Tag Archives: future

The Present


Strange thing this, to sit with silence –
millennia of regret; cold stones at our backs.

Clutching worry in work-worn hands,
we balance, fearful, on this brittle plinth,

while the gift of the unopened moment
lays unnoticed at our feet.



Filed under Couplets, Free Verse, Poetry



The distinction between past, present and future is only a stubbornly persistent illusion~ Albert Einstein


Above concentric circles sits the pick-pocket of time;
grim, malicious grasshopper, devouring every second.
Each hour is marked by clanking chain in place of pealing chime,
golden eyelets blinking, unsuspecting future beckoned.

Mechanical escapement claws its way with steady tread,
creature’s constant motion eats up minutes; won’t augment them.
Though hypnotized by blood-red eyes, observers filled with dread;

twitching eyelid’s inward turn serves only to torment them.
As pendulum stops-stutters-starts; lights lag then race ahead;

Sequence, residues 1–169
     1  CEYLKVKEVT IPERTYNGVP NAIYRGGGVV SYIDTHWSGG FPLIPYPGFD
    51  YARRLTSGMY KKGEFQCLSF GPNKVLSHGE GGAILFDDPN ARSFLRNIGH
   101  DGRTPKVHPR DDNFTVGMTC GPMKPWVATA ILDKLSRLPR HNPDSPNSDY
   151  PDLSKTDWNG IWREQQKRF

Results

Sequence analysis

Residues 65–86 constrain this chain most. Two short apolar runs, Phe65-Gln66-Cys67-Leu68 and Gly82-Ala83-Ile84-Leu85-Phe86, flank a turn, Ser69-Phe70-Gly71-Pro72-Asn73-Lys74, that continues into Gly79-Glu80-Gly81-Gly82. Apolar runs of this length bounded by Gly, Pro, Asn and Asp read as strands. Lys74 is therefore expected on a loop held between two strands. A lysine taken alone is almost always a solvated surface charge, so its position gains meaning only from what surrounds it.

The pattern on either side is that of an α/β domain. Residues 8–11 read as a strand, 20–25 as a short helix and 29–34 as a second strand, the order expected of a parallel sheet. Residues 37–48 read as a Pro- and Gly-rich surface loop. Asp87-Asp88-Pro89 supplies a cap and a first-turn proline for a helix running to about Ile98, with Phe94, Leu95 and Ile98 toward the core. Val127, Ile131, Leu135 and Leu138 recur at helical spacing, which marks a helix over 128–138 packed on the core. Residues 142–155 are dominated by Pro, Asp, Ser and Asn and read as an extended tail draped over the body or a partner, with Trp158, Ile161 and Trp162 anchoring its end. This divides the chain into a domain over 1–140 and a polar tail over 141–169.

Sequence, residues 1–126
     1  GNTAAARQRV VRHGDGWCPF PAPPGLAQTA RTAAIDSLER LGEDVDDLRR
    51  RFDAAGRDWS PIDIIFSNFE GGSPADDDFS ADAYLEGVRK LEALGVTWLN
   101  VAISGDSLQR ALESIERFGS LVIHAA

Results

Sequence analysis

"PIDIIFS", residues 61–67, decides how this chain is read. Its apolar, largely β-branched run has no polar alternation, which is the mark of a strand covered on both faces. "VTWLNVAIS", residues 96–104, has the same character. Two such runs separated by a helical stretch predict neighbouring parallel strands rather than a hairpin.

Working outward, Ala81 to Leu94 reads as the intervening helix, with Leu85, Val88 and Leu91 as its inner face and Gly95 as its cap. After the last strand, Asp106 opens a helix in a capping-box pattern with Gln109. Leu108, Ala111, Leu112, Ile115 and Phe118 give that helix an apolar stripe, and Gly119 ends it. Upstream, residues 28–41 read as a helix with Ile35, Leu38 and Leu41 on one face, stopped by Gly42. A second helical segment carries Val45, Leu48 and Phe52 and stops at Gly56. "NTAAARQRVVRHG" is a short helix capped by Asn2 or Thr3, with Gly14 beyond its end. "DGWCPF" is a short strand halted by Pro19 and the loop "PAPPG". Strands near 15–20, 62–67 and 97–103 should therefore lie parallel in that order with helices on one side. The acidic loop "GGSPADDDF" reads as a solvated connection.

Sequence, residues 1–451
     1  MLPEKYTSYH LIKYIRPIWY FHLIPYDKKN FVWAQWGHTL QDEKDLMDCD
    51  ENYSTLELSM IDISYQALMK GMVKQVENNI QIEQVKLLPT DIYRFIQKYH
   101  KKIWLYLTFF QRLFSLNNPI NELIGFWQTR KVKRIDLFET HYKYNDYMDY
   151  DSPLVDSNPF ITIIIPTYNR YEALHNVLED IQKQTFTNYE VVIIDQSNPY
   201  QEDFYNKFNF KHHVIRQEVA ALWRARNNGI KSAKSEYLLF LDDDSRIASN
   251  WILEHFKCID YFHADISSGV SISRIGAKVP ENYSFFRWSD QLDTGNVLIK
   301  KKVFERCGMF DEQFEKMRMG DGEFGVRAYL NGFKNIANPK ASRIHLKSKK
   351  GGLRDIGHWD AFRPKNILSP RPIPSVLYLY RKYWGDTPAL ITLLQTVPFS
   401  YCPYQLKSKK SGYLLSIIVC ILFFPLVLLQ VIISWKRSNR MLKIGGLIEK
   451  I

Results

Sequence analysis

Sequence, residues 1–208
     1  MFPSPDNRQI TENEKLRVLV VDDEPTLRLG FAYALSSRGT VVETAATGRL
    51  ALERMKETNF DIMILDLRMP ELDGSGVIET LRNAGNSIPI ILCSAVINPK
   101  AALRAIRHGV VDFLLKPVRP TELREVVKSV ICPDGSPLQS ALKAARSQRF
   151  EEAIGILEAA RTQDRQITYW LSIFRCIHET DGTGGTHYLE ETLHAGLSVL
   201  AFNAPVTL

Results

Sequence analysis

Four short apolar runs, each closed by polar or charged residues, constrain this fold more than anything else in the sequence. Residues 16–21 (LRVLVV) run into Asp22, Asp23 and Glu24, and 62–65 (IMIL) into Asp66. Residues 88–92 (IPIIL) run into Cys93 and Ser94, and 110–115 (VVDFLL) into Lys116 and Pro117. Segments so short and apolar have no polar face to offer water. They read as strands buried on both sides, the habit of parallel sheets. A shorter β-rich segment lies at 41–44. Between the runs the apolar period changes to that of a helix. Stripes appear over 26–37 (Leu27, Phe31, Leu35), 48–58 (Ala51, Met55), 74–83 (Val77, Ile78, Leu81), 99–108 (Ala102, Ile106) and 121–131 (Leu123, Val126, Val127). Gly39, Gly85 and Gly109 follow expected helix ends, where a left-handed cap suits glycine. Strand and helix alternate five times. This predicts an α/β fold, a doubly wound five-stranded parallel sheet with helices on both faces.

life’s irregularities reflected in momentum.

Though insect never falters in persistent eerie grind,
Albert’s sound advice – go on and plunder timeless foundries.
Let go illusion’s obstacles, let waiver sit unsigned;
time quick-steps for those that choose to live inside its bound’ries.


For Paula Belli whose picture of the Corpus Clock was the spark of inspiration for this piece.

The form:

This is the Sonnet version of Stress Matrix Dectet/Stress Checkerboard Stanza – developed by Luke Prater

14 lines, 14 syllables per line – aBaB cDc DcD eF eF 

where lowercase are iambic heptameter (7 beats/stresses per line), and uppercase trochaic heptameter. This yields a perfect ‘checkerboard’ of stressed and unstressed syllables (14 x 14, equaling 196 syllables). <

Depending on where the Volta arrives (the ‘turn’ – resolution, or at least, change in tone, crucial aspect to a sonnet), there are 3 different stanza layouts (the rhyme-scheme stays the same).

If the turn comes after the first eight lines, as it does in Italian Sonnets, the layout is aBa BcDcD cDe FeF. If it comes after line ten (unique!), then it’s aBaB cDc DcD eFeF (same as English but ending on a quatrain rather than the two couplets).


Filed under Stress Matrix Sonnet